Weekly Parsha Review Laced with Humor and Sarcasm from The Oisvorfer Ruv

Devorim 2015 – Swimming on Tisha Be’Av

torah scrollThe Sefer Toirah appeal is on and we have already received dedications from a few.  We need greater participation. This appeal will be repeated weekly because it’s a victiger inyan (important topic) and a great mitzvah.

Back in 2008, a newly minted Sefer Torah (Torah Scroll) was loaned out to a local institution. Unfortunately, this Torah Scroll was a victim of hurricane Sandy. It could not, despite herculean efforts, be saved.  In an effort to replace the Torah Scroll, significant funds need to be raised. The Oisvorfer is asking all his readers to participate in this, the last and 613th mitzvah recorded in the heylige Toirah which states that it a mitzvah upon each person to write one’s own Sefer Torah. And while this mitzvah may seem elusive to those who are not adept in Jewish calligraphy or don’t have the means to afford a personal Sefer Torah, you can get full credit by participating and purchasing even one letter. Of course, the more you sponsor, the more mitzvois you have and who among us and especially those who receive this email or logon to the site or find us on Facebook or get the review from a  friend, cannot afford to have a few extra? No one!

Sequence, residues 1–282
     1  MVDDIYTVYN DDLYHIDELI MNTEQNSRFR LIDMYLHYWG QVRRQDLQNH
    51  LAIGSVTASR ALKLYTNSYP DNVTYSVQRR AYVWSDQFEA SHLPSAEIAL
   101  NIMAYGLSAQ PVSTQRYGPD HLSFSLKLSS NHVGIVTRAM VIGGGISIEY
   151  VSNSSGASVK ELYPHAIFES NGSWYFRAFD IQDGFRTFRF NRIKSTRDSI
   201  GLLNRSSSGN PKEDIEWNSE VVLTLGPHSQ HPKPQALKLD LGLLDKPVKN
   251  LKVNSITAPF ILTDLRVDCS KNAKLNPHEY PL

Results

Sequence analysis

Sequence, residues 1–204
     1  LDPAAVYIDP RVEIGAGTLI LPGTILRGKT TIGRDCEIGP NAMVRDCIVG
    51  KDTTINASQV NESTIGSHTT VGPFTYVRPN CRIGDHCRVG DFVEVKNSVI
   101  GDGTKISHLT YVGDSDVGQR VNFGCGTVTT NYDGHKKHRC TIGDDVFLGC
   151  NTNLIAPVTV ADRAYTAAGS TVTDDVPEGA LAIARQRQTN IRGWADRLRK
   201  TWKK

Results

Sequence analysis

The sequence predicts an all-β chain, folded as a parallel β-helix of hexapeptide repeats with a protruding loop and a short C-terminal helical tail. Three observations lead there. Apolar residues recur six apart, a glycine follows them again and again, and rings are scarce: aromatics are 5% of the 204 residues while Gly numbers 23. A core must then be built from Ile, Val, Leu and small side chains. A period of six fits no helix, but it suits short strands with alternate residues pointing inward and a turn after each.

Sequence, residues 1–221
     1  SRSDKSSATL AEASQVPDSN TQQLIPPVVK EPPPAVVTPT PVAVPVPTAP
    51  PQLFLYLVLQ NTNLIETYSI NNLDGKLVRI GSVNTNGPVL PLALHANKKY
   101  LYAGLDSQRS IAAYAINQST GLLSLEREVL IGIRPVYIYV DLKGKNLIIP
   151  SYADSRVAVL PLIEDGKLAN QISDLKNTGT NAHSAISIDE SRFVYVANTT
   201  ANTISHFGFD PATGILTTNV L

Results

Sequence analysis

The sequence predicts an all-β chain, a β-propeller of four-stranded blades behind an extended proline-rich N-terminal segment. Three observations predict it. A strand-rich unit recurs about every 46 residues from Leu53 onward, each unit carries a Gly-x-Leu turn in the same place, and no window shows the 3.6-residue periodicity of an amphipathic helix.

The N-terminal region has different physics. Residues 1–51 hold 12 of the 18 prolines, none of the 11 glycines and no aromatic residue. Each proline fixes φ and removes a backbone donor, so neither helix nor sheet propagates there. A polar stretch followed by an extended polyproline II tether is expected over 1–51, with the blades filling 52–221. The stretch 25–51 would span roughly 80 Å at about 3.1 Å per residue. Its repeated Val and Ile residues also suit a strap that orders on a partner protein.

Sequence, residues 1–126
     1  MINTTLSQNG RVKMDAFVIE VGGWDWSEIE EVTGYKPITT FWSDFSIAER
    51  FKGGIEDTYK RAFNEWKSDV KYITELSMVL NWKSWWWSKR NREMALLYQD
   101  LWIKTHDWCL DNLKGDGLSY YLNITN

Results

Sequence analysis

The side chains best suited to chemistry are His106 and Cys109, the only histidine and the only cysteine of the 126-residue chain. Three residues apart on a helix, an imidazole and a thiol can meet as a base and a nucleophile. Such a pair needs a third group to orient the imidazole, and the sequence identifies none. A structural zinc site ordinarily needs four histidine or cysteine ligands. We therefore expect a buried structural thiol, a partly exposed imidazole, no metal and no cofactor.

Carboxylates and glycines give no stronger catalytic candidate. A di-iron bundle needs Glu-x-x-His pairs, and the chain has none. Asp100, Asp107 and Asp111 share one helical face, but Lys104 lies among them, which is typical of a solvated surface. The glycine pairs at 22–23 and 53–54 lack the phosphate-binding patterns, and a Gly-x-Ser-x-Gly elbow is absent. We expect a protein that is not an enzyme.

You can participate in this great mitzvah for as little as $5. Feel free to sponsor but one letter, word, posik (sentence), perek (chapter), a specific  reading, a complete parsha or even a complete Sefer (Book).  You can sponsor a letter for as little as $5. Of course we would like you to sponsor more than one letter but will be grateful for every single donation to this cause.

There are no administrative fees (a generous sponsor will cover the credit card processing fees.) Donate as little as $5 to purchase a letter in the new Torah, and the entire amount will be used for the Torah.